The semi-arid steppes of the world can teach us ways to conserve water in our gardens and create sustainable landscapes.
This year the North American Rock Garden Society, aka NARGS, is holding its annual general meeting in Colorado, hosted by the Rocky Mountain Chapter. Kicking off at the Denver Botanic Garden, it then moves to Steamboat Springs for the main event; I’m all signed up!
The conference theme is the study and appreciation of the particular biome known as a steppe: there are five in the world, including the one I grew up in and on the fringe of which I now live – the Central North American Steppe — it might be more familiar as the Great Plains — stretching from Canada to Mexico, and hugging the Rockies along its western edge.
Since moving to the Front Range, I’ve been obsessively observing the freaky weather that rolls in over the top of Pike’s Peak or off the Kansas grasslands to the east. Getting to grips with gardening on a prehistoric sand dune and puzzling out the myriad other quirks of living at altitude (I love the bumper sticker, “Sea level is for sissies”) has been its own learning curve. Sudden fusillades of hail, wind that howls like a banshee through the trees. It’s never dull. Of course, there’s any number of scholarly books I could tackle to help me suss all this out, but life is too short and I need to crack on with my garden.
Fortunately, the Denver Botanic Garden, and its outlier, Chatfield Farm, a 700-acre public garden in Littleton, CO, have come up with the answer: They and Timber Press have published The Steppes: The Plants and Ecology of the World’s Semi-Arid Regions. Written by a team of authors, all experts in their field, it is packed with knowledge and revelation, yet never dry or condescending, making it a exceptionally good read about the five steppe regions that are the most bio-diverse parts of our planet: the Central Asian, the Central North American, the Intermountain North American, the Patagonian and the South African. Note that two of the five steppes are in North America.
The introduction, written by Panyoti Keliades, Senior Curator and Director of Outreach at the Denver Botanic Garden, roams freely – like the man himself — across these regions, setting them in their global context, describing the etymology of the word steppe, before moving on to comparative analyses and overviews of their climates, geology, flora and fauna and much more.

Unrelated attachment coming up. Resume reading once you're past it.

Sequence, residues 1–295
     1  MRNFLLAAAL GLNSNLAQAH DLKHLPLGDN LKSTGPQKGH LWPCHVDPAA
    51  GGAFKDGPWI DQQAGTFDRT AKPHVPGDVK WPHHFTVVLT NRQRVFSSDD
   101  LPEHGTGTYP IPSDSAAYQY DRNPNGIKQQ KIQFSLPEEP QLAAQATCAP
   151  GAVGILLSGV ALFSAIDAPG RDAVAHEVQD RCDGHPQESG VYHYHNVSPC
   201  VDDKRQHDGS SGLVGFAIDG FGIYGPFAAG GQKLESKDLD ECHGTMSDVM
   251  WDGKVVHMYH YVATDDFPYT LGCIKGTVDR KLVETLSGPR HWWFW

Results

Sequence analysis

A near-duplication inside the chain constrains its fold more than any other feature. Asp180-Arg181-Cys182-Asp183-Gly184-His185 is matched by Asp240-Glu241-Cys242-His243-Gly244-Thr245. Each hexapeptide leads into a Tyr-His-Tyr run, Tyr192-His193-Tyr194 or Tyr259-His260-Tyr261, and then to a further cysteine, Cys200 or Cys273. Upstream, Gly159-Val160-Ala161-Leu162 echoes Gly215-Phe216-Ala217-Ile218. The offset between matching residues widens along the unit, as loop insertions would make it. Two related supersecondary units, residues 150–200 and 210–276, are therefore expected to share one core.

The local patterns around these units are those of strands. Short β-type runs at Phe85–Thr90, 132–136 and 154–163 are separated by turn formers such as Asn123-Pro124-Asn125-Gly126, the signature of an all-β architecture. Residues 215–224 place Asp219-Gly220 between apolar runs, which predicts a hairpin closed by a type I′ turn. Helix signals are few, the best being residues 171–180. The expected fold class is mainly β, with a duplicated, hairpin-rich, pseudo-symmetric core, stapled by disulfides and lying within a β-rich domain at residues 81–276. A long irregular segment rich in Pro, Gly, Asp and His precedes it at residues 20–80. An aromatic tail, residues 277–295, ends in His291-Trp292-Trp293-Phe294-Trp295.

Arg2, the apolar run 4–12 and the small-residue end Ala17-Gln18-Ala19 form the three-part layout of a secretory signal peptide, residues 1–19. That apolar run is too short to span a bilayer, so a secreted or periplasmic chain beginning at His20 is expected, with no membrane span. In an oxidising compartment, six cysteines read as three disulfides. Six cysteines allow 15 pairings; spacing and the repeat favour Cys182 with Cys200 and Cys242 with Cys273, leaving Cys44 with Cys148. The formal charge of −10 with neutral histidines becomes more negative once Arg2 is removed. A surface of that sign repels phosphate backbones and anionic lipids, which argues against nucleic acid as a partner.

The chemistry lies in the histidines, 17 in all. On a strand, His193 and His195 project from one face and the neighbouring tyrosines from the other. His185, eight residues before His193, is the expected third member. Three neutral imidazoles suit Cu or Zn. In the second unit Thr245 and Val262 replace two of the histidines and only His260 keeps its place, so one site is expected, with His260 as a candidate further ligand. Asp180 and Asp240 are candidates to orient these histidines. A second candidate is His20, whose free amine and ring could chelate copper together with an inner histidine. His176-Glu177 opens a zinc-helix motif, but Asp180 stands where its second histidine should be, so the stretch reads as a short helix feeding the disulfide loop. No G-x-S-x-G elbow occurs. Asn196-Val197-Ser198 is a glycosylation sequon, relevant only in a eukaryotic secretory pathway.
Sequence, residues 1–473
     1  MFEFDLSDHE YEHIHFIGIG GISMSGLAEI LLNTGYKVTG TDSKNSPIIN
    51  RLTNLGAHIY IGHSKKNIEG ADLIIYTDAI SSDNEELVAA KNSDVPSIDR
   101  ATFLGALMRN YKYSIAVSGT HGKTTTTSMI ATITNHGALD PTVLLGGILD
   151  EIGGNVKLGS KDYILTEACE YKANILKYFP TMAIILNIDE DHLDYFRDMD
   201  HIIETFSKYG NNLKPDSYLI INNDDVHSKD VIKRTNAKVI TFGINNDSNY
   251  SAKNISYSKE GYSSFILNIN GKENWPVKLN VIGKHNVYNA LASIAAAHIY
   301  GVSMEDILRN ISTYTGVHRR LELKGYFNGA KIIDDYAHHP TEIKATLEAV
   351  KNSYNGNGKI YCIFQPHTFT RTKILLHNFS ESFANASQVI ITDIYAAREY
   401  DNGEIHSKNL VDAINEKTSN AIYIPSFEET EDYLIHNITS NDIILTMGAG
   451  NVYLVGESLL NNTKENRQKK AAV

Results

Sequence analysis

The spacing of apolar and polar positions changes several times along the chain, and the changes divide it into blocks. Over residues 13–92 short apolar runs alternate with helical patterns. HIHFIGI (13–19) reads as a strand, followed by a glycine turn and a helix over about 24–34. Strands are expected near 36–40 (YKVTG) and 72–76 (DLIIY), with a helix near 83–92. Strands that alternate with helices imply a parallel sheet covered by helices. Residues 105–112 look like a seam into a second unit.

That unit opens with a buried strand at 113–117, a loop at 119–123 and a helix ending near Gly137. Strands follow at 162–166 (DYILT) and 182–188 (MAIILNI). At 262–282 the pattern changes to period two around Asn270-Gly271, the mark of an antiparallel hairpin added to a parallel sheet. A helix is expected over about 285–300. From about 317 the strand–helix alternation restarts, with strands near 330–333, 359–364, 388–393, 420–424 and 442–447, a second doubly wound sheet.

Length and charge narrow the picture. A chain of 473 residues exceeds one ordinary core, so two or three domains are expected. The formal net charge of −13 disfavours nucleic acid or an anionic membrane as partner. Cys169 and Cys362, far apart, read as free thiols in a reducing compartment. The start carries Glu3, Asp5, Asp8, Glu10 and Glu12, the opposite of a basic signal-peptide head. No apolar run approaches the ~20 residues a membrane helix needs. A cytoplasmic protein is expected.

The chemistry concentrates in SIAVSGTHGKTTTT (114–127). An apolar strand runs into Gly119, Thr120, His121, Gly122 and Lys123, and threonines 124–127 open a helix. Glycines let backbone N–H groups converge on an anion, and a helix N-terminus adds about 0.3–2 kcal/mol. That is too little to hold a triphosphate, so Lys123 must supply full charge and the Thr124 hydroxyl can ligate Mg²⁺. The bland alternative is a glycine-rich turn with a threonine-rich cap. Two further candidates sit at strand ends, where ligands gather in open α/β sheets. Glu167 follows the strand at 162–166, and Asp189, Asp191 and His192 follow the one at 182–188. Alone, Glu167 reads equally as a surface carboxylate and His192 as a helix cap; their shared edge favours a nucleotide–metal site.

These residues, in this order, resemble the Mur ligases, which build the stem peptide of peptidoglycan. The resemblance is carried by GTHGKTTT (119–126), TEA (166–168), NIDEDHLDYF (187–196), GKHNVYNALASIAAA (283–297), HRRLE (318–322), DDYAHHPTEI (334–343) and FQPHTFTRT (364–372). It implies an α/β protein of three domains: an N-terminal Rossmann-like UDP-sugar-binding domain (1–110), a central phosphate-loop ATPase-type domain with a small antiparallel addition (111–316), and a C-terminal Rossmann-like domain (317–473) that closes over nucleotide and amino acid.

Talking to Panyoti about why this book matters to anyone who gardens, or has a healthy curiosity about our world, no matter where they live, he explained that, beyond causing humans to first stand upright to see above horizon of tall grasslands, and to take a bi-pedal step forward to explore, the steppes were the nursery of humankind.
“The challenge and danger of the steppes are responsible for Homo sapiens’ enormous brain and sophisticated social networking. The first crops in Eurasia were domesticated on the steppe foothills of the Caucasus (wheat, barley), and in the Americas a few millennia later (corn, potatoes).”
Driving the point home, he emphasized, “The steppes were the superhighways of human migration, so we are all children of the steppes. Yet, ironically, it is the least understood biome on the planet.”
So what does that mean for you and me? Well, as I emerged from the chapter about the Central North American Steppe, all the wiser for having had the climate and geology explained clearly and succinctly by the author, Larry Vickerman, Director of DBG Chatfield, and comprehending the interdependencies of the biome, I understood why it makes sense to embrace the tough and wily plants that have evolved to survive here. In most basic terms, this is where I start my “native” garden, and the Plant Primer, which concludes each chapter, is ground zero. My sand dune at 7000 feet is going to be pretty amazing by the time I’m done with it.
Reader Offer — WIN A FREE COPY OF ‘STEPPES’!
Thanks to Timber Press, I have two copies of this terrific book to give away to the first two readers to message me “I Like Steppes” on Facebook @ Ethne Clarke. The Force be with you!
Or, for more information about the book, click here.
© Ethne Clarke 2016
Other than those taken by the author, all photos are from Steppes© Copyright 2015 by Denver Botanic Gardens. All rights reserved. Published by Timber Press, Portland, OR. Used by permission of the publisher.